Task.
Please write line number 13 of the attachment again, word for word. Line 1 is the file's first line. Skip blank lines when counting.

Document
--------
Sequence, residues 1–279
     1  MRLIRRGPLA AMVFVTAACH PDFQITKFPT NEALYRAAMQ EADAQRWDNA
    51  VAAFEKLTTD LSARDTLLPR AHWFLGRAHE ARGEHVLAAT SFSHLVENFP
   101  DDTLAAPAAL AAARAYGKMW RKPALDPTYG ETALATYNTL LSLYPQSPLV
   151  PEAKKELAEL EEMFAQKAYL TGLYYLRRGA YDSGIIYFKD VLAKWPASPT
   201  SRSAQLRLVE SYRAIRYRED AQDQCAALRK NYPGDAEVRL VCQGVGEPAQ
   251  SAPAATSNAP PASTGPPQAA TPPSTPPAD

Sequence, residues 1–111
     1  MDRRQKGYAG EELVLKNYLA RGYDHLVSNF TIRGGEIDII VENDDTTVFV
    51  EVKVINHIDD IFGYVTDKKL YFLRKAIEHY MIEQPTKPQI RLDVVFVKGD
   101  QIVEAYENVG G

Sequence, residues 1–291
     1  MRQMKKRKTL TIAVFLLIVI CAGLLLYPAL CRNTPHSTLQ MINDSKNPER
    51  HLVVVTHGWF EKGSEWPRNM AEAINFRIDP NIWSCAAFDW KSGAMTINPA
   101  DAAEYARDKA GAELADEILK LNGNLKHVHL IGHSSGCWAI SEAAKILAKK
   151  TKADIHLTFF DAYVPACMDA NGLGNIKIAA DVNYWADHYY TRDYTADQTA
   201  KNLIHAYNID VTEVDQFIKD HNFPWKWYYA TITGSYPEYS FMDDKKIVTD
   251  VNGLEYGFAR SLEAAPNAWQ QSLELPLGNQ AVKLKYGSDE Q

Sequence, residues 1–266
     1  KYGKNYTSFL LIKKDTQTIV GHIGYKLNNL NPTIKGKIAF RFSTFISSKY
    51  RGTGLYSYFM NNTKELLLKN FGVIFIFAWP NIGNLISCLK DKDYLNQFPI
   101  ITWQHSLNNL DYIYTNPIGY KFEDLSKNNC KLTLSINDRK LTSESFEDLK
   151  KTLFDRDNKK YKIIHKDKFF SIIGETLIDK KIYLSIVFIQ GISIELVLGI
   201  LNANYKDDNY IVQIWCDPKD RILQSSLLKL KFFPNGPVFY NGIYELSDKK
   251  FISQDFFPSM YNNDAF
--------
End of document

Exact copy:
     1  MRQMKKRKTL TIAVFLLIVI CAGLLLYPAL CRNTPHSTLQ MINDSKNPER